Why is the Case Against TBW's Farkas Filed in Virginia?
Don't miss the January 2009 Ocala Magazine interview
with TBW's Lee Farkas. They went down in August.
TBW shows an example of defining the point at which fraud occurs by where the transaction took place via Compliance Week:
Notably, both the criminal case and the related SEC action are filed in the Eastern District of Virginia despite the lack of any obvious connection between Farkas or TBW and Virginia. Why, then, Virginia? As previously discussed here, jurisdiction over securities fraud cases is technically proper in the the Eastern District based on the physical location of the SEC’s EDGAR database. Indeed, the SEC’s complaint against Farkas states:
The fraudulent conduct of Defendant Farkas directly caused BancGroup to transmit and to file multiple false and misleading Forms 10-K, 10-Q and 8-K to the Commission’s electronic data gathering, analysis and retrieval system (“EDGAR”), the servers of which are physically located within the Eastern District of Virginia.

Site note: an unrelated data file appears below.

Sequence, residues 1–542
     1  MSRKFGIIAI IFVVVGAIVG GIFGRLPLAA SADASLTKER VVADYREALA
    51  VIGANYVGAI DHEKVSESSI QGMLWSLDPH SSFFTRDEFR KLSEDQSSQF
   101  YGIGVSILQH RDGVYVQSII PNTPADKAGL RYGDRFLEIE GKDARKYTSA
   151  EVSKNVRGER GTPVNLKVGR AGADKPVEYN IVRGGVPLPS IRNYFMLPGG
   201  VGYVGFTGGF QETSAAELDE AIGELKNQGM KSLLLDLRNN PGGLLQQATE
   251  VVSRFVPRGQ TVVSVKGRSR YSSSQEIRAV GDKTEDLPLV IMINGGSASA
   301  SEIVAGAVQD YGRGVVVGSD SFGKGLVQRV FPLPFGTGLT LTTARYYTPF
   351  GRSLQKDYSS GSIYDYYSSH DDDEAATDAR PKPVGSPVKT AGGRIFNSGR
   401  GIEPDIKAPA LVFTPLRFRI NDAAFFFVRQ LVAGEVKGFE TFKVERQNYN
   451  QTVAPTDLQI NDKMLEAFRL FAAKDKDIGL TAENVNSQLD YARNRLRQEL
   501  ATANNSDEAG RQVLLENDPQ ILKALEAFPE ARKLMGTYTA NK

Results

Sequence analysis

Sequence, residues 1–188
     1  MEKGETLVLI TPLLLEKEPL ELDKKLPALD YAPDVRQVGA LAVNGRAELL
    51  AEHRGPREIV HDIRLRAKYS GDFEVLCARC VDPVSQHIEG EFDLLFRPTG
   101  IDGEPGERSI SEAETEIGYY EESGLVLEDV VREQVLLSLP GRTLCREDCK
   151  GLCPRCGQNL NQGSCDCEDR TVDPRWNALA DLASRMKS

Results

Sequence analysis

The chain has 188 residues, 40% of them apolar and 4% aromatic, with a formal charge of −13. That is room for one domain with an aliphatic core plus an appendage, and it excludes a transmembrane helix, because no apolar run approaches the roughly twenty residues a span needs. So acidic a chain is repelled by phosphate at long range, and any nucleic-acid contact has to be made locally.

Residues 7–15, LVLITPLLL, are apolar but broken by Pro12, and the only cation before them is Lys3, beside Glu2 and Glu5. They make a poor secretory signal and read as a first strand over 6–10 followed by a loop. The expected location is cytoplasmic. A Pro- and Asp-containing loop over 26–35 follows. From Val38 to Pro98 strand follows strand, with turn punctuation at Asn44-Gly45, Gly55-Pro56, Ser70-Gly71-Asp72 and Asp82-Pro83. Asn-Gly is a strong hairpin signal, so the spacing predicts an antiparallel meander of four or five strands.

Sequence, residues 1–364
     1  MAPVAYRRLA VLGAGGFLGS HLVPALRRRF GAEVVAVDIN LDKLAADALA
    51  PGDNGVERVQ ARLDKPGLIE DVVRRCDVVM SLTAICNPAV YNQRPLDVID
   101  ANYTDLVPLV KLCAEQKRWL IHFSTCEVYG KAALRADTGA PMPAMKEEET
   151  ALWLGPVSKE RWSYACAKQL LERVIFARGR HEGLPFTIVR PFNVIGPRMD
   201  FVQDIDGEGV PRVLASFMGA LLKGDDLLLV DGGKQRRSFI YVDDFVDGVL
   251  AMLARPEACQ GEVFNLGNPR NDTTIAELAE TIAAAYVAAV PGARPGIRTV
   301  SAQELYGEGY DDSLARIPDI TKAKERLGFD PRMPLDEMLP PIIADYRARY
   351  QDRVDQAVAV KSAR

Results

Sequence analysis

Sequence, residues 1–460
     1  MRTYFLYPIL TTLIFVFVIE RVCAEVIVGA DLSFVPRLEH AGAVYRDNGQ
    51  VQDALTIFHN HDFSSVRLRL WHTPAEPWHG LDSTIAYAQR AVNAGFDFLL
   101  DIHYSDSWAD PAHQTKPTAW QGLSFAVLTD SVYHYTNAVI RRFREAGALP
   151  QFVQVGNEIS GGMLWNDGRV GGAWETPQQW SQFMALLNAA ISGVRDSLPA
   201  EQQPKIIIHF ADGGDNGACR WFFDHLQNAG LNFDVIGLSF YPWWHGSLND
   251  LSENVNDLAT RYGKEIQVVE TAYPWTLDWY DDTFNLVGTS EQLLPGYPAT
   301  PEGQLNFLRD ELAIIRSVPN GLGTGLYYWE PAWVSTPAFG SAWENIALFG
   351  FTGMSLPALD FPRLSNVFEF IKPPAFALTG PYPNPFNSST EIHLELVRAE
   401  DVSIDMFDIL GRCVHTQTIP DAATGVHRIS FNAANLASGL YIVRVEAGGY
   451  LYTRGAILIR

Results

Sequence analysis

[Note: Colonial BancGroup, Inc. is Colonial Bank's publicly traded parent company]
Moreover, Neil H. MacBride, the U.S. attorney for the Eastern District, said that the criminal case was brought there because at least some victims of the scheme live in Northern Virginia, and because TBW and Colonial did business with Freddie Mac, which is based in McLean, Virginia. MacBride has also previously asserted that the Eastern District may have jurisdiction in cases involving wire transfers because the Federal Reserve Bank in Richmond is one of the primary hubs for such transfers, and in cases involving alleged misuse of bank-bailout funds as the Federal Deposit Insurance Corp. is also based in Arlington.
TBW was based in Ocala, FL.